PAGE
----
It also works best if you don't drive a lot. You can pay for excess mileage upfront in your lease, but if you drive more than 15K miles a year a lease really is out of the question. I drive my cars about 8K miles a year so I'm always well under for miles, and I get a lower payment cuz I can can get a lower mileage lease, say 10K a year verses 12k or 15K. The only downside here is if you drive really low miles, we've done this, where you have 10K miles under the allotment when the lease is up - you don't get what you paid for them back, you lose out on the miles you paid for.

I really kind of got started leasing more expensive cars because the payment is substantially lower on a lease verses a buy. In essence you only pay for what you use in the car, instead of tying up a lot of your capital in a depreciating asset. I know people that have many thousands of dollars tied up in vehicles they own - some are okay with that, for others they have other uses for that kind of cash.

If you lease a popular model that holds its value well, it may well be worth more at the end of the lease than the residual. If you're under on the miles it can make it a really good buy. The downside is if you finance the payoff for any length of time, you end up taking six or eight years to pay for it. That's a long time. On the other hand, you enjoy low payments for the duration - again, not tying up your cash in a depreciating asset. If it's worth much less at the end of the lease, well then the leasor takes that hit.

Likewise if the car turns out to be a POS (piece of poop) - you're not obligated to keep it. At the end of the lease you drop it off and hand them the keys.

You have to have stellar credit to lease. Since you're 'renting' instead of buying, putting cash into the deal just makes NO sense. 'Zero drive-offs' is best - that is no money out of pocket, just sign and drive.

All of the disadvantages have been mentioned up-thread. If you want to modify your car you have to plan to buy it out at the lease end. You have to carry high-limits insurance coverage, which you may or may not do anyway, but that may drive up your insurance costs slightly. You don't really own it 'till you buy it out at the end of the lease. If you drive a lot you'll have to pay a lot of money for excess miles if you want to just turn the car back in at lease end - usually about 25cents a mile. That can add up quick if you drive a lot.
It is more difficult to trade a car in before the lease is up - you have to pay out all of the lease payments whether you keep the car or not. I find generally you're about even in about 30 months on a three year lease. A lot of car dealers will also pay the last few payments for you if you're buying or leasing a new car from them. Mercedes Benz is especially good about this - the cars cost more, hold their value well, and they can't wait to resell your lease return car - if it's nice they generally can sell them as a 'certified used car' with a factory warranty and such.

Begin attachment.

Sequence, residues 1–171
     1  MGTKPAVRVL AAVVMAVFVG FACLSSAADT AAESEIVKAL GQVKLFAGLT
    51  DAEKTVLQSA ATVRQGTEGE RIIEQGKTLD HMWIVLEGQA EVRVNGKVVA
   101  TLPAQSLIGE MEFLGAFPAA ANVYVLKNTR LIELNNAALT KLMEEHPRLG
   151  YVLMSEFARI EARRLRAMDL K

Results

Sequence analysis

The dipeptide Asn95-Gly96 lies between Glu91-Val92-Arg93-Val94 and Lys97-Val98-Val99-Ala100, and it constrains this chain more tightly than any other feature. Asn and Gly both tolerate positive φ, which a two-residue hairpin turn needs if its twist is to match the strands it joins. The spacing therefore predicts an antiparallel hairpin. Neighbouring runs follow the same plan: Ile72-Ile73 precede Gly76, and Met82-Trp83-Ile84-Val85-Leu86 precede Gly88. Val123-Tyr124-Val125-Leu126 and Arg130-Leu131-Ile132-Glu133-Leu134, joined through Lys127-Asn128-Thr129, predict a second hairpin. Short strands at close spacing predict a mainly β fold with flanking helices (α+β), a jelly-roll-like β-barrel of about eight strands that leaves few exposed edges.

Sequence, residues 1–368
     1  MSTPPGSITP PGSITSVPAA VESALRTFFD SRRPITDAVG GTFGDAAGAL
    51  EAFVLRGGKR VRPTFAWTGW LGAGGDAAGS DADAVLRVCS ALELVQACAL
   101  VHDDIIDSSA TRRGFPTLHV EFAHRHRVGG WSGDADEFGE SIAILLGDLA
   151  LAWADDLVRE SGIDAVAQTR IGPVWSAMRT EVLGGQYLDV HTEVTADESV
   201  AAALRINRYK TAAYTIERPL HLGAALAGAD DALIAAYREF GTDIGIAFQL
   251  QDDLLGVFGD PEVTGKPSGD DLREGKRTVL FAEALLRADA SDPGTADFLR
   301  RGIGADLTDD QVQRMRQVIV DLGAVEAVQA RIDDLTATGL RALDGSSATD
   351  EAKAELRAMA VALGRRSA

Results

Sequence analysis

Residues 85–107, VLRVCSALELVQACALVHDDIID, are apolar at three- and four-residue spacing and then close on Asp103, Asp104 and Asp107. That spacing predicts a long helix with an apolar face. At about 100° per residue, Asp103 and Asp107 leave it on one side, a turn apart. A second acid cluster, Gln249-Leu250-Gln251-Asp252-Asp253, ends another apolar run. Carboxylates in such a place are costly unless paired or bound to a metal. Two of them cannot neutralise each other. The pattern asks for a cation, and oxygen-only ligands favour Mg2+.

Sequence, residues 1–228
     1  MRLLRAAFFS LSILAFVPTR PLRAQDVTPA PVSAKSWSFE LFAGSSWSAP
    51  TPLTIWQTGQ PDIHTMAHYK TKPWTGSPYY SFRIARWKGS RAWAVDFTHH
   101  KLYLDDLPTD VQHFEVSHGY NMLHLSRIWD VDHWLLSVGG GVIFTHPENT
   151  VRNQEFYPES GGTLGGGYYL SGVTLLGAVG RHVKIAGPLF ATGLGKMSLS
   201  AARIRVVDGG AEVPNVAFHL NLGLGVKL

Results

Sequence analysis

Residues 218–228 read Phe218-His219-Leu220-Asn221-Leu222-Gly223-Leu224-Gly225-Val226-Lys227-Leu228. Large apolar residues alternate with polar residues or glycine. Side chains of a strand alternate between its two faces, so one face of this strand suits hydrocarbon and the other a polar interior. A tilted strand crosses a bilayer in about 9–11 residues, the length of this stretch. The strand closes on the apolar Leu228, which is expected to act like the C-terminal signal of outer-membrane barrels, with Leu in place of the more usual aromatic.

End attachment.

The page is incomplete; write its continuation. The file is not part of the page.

So that's what I know about leasing. I like the option, but it doesn't work for everyone. Out of my list of leased cars the only one I bought out was the Chevy Colorado. It was a four year lease and then I financed it for four years. A stupid long time to pay for a car, but I never tied up a lot of dough in it, and it only gets driven about 4k miles a year. Mostly we tow it behind a Winnebago motorhome as a 'toad'. The other car we should have bought was one of the Mazda3's - it was a car for our college student, and it was way under miles and the resale value was way over the residual, but our son didn't want to buy it and I wasn't going to pay for it for him. Funny, he ended up buying one very similar after a few years afterall. Yeah, eventually you need a car, right???
The rest of them either got traded in early, or turned back in at the lease term. The worst value of them all was the Mercedes C250 coupe. It was nearly ten thousand under the residual at the end of the lease - just handed that one back to them - we were really glad we leased that one, was the wife's car.
 

·
Premium Member
Joined
·
3,318 Posts
No, the bank doesn't own the car, you do. The bank has a security interest that must be repaid if you sell the car.
Then why do they retain the title? You don't get it until it's paid for. Whoever has legal possession of the title "owns" the vehicle. Legalese be damned. If you don't think they own the car, try missin' a couple payments and see who has possession of it. It's called a "lean" for a reason.
 
  • Like
Reactions: Rockhopper01

·
Registered
Joined
·
358 Posts
Then why do they retain the title? You don't get it until it's paid for. Whoever has legal possession of the title "owns" the vehicle. Legalese be damned. If you don't think they own the car, try missin' a couple payments and see who has possession of it. It's called a "lean" for a reason.
You just contradicted yourself and explained why the bank doesn't own it.

The bank has a lien on your car. If the bank owned it they wouldn't need a lien. I don't even think you can put a lien on your own property?

They have posession of your title (and yes the title is on your name) because they have a lien on your car as collateral for the loan.


LIEN:

a right to keep possession of property belonging to another person until a debt owed by that person is discharged.
 

·
Premium Member